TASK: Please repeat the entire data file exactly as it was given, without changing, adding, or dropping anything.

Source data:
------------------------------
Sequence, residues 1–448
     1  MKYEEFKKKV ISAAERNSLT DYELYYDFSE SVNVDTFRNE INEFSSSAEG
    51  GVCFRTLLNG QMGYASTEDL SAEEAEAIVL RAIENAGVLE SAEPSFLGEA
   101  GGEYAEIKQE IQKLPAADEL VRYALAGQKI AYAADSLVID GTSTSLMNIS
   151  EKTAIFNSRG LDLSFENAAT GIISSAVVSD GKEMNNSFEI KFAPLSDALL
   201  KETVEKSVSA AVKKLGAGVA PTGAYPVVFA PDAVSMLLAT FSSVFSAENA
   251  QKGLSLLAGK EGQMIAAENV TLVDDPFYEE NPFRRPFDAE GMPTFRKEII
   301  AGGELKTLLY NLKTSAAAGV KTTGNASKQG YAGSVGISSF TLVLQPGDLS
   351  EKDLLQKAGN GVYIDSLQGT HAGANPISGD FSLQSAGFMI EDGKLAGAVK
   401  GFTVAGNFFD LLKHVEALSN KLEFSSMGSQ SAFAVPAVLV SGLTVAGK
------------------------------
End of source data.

Sequence, residues 1–448
     1  MKYEEFKKKV ISAAERNSLT DYELYYDFSE SVNVDTFRNE INEFSSSAEG
    51  GVCFRTLLNG QMGYASTEDL SAEEAEAIVL RAIENAGVLE SAEPSFLGEA
   101  GGEYAEIKQE IQKLPAADEL VRYALAGQKI AYAADSLVID GTSTSLMNIS
   151  EKTAIFNSRG LDLSFENAAT GIISSAVVSD GKEMNNSFEI KFAPLSDALL
   201  KETVEKSVSA AVKKLGAGVA PTGAYPVVFA PDAVSMLLAT FSSVFSAENA
   251  QKGLSLLAGK EGQMIAAENV TLVDDPFYEE NPFRRPFDAE GMPTFRKEII
   301  AGGELKTLLY NLKTSAAAGV KTTGNASKQG YAGSVGISSF TLVLQPGDLS
   351  EKDLLQKAGN GVYIDSLQGT HAGANPISGD FSLQSAGFMI EDGKLAGAVK
   401  GFTVAGNFFD LLKHVEALSN KLEFSSMGSQ SAFAVPAVLV SGLTVAGK